Tonight the blessing is,
Baruch ata Ha-shem eloheinu melech ha-olam, asher kidshanu b'mitzvotav vitzivanu al sefirat ha-omer.Then you say
Blessed Are you God, Sovereign of the Universe, who has sanctified us with commandments and commanded us concerning the counting of the omer.
Hayom sh'losha usheloshim yom, sh'heim arba-ah shavuot v'chamishah yamim la-omerThere are many ways to view these fifty days. In the Torah it is a counting of an agricultural period, beginning at the period of harvest. For the rabbis the counting assured that we would not become so lost in our labor that we forget when we are to go to Jerusalem for the pilgrimage festival of Shavuot. And the rabbis also affirmed that each day recognizes one of the 49 gates of understanding that Moses received from God. The 50th is not known to humanity, and is beyond our capacity to comprehend.
Today is 33 days, which are four weeks and five days of the omer.
Because traditionally Shavuot is understood to be the day on which the Torah was given at Sinai, and it concludes the counting of the Omer, the period of counting is seen as an opportunity for the spiritual regeneration and reflection that would allow us to receive Torah. Each of the fifty days should include self-examination and a gradual process of striving to be the best and most pure person one can be.
The first 33 days recount the period during which Rabbi Akiva's 24, 000 students were, according to a tradition recorded in the Talmud (Yevamot 62b), stricken with plague by divine injunction. Their cruelty and insensitivity to one another, and their jealous suspicion of one another, discredited their work as students of one of the greatest Sages in Jewish history.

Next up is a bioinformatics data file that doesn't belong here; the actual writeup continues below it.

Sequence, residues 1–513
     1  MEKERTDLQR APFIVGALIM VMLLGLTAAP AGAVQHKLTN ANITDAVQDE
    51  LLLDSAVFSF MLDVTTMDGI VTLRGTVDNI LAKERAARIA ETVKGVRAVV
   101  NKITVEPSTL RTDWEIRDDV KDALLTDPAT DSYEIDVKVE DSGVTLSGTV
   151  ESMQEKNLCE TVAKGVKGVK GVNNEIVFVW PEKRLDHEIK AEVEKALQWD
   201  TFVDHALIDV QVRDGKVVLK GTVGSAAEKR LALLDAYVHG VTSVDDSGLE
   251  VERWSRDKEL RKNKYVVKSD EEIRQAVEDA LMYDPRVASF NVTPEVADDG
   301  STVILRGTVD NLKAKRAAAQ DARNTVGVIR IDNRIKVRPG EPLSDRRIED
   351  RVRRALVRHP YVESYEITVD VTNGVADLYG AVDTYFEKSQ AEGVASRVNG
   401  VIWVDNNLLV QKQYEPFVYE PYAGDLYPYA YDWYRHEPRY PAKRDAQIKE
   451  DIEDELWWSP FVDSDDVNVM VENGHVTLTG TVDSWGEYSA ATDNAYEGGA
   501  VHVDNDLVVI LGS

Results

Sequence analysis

On the 33rd day of the counting of the Omer, the plague was lifted. This day is called Lag Ba'Omer, Lag being the pronunciation of the two Hebrew letters whose numeric equivalent is 33, lamed (30) and gimel (3). The period of counting is treated as period of solemnity and mourning and thus the mourning practice of not cutting one's hair is observed. This is why I currently look like Bigfoot, or at least like George Harrison on the cover of Let it Be. I didn't think to get a haircut before Passover.
But in recognition of Lag Ba-omer and the lifting of the plague, haircuts are permitted. So I am waiting for tomorrow morning (thus, 33 and a third) so I can clean up a bit.
Some resources for the counting of the omer:
Wikipedia's entry on Lag Ba'omer
A take on relating the Sefirot to the attributes to be cultivated in each of the days of the counting.
The counting of the Homer